Lanny turned 70 on March 30, and the best birthday present you can give him is to buy as many of his records as you can. Thank you.

Saturday, April 10, 2004

Arnie's Army? Sign Me Up

Here are Steve Beverly's thoughts on Arnold Palmer's final stroll through Augusta National yesterday. I was standing in a local pizzeria last night, and the USA Network coverage of the second round of The Masters was on the telly. Arnold Palmer is approaching the green at 18 for the final time, there's not a dry eye in the house, and I'm there yelling "ARNIE'S ARMY IN FULL EFFECT YO!" and none of the twentysomethings in the pizzeria have a clue. But fortysomething me, with a father who lived and breathed golf for most of his last two decades on Earth (Mom, however, always liked Nicklaus), knew the gravity and the emotion of the moment. Steve Beverly's essay perfectly captures the moment. Thank you Arnie, and thank you Steve.

White Castle Won't Go West

Mark Evanier on the aborted westward expansion of White Castle. As an added sidelight, may I add that we never had White Castles in our immediate area until exactly 20 years ago, in 1984, when the first of central New Jersey several locations opened on Route 1 in Woodbridge. Crowds lined the place, and all three order/pickup locations were working. Today, the average White Castle usually has only one of these order/pickup locations working, with the other two gathering dust.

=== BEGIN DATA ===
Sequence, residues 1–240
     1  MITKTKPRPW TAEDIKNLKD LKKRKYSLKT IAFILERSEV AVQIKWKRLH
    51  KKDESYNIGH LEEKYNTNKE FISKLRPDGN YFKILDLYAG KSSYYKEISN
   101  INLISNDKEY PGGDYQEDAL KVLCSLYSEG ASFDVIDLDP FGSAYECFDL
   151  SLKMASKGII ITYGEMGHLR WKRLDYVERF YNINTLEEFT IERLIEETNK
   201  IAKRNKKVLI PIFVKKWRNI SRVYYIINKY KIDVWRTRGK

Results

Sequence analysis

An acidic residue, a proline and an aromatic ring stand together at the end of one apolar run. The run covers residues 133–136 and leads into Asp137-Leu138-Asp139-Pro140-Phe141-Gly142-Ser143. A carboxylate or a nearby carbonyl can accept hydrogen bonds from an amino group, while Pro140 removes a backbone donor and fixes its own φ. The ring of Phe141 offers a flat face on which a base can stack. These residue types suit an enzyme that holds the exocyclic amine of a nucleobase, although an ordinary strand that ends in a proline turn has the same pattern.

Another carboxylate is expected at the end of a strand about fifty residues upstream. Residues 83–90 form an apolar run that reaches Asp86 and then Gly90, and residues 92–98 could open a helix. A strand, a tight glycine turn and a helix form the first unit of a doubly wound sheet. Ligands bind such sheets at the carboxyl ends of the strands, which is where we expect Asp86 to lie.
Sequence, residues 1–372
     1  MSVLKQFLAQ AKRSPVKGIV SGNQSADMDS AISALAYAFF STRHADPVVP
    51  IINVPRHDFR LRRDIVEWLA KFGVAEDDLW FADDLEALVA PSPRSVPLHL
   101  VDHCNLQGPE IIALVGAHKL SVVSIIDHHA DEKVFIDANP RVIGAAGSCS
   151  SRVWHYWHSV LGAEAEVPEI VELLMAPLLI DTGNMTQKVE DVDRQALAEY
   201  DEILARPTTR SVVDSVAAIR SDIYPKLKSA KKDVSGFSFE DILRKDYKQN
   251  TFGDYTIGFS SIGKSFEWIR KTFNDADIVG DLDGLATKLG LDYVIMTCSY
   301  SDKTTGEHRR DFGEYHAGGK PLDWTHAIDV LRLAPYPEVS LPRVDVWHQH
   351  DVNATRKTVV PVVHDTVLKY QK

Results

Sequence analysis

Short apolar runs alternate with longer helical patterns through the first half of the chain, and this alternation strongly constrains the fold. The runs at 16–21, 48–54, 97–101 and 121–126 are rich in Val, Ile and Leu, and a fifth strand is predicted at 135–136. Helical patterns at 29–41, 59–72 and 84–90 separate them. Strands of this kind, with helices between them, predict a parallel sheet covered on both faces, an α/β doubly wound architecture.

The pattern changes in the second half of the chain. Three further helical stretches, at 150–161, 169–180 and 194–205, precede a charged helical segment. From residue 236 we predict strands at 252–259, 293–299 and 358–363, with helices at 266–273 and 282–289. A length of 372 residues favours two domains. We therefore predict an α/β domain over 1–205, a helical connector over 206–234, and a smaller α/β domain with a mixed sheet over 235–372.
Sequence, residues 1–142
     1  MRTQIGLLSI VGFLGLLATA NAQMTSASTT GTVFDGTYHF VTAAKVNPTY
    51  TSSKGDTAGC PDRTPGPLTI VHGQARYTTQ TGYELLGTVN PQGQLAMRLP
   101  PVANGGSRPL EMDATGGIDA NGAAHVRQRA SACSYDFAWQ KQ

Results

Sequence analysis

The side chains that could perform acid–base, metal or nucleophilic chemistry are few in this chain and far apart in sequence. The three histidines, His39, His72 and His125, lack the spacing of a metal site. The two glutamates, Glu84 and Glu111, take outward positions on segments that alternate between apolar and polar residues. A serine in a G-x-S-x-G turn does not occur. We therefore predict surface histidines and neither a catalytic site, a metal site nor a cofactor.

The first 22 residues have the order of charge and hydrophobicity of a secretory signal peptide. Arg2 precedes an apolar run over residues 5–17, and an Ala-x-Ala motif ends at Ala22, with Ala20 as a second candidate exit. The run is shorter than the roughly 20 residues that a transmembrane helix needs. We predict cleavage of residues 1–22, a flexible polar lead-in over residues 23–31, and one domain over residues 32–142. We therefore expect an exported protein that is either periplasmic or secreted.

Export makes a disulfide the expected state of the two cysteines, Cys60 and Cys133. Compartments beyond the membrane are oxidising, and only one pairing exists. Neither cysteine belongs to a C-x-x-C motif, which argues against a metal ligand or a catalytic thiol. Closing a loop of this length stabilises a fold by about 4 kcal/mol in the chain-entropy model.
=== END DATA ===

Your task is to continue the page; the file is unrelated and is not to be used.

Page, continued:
When Evanier calls the frozen White Castles a "reasonable facsimile", he's right. Cooking them in the microwave isn't quite the same as the steam-cooking process, and the frozen W.C.'s don't include pickles.

Friday, April 09, 2004

Panther Publishings...

With the release of The Pink Panther Film Collection (a new box set featuring five Pink Panther films and six cartoons), there is more interest than ever in the Pink Panther as the character celebrates its 40th anniversary this year. Here is an article from Animation World Magazine which features a new interview with Pink Panther cartoon producer David H. DePatie, who even today has some big ideas about the Panther's future... and the great news is we may even see the cartoons again soon (they've been off TV for almost a decade now).

Thursday, April 08, 2004

Most Overused Sound Effect In Commercials, Promos, Etc.

The scraping of a phonograph record needle, and some sort of profound pronouncement afterwards.

Nobody under 30 even knows what a phonograph record needle IS. There is an ancient record player in one of my classrooms, and one of my students had a curiosity about it before admitting, "Oh yeah! My grandma has one of those."

Thursday, April 01, 2004

A Very Happy Birthday To Someone You May Know...